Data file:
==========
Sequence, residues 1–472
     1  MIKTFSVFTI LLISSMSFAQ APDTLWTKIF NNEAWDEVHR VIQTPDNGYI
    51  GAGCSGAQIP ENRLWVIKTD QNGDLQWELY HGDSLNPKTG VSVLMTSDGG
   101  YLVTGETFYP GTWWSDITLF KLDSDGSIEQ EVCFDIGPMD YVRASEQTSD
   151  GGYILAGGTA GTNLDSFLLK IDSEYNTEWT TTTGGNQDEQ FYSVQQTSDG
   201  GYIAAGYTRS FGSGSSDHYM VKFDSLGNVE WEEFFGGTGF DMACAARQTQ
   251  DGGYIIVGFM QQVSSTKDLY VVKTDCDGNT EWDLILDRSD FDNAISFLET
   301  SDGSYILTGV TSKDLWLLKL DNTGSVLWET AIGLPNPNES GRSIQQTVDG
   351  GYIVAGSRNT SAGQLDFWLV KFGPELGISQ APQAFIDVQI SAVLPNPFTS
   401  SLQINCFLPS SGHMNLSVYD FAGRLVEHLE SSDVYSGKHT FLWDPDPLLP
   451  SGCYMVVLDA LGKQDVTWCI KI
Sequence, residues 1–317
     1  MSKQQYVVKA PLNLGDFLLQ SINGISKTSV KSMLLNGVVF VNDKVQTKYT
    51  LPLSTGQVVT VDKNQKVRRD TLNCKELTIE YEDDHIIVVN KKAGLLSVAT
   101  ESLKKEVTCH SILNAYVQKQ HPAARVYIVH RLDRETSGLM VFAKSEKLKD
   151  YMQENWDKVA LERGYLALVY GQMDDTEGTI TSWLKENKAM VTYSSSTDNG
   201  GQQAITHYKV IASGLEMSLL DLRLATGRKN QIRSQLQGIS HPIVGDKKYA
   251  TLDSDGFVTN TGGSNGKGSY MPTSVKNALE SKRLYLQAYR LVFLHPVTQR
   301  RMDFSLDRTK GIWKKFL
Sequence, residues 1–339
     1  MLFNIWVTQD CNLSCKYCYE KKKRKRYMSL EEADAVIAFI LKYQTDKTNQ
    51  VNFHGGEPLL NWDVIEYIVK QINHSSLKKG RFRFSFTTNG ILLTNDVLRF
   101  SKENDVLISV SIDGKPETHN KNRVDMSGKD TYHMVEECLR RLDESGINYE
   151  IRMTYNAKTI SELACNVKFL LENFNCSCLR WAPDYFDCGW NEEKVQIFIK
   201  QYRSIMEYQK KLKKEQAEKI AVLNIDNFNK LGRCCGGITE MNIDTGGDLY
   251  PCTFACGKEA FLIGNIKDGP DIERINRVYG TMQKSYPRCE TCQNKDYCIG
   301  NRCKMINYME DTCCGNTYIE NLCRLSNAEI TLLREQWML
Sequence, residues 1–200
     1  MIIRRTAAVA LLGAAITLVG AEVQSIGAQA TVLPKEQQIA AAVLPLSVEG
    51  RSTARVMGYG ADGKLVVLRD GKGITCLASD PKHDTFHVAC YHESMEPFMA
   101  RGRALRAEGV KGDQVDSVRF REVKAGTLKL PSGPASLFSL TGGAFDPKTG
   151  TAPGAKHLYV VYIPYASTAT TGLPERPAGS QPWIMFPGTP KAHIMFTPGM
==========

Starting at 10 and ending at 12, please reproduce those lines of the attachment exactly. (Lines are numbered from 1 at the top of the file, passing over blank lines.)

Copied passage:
   401  SLQINCFLPS SGHMNLSVYD FAGRLVEHLE SSDVYSGKHT FLWDPDPLLP
   451  SGCYMVVLDA LGKQDVTWCI KI
Sequence, residues 1–317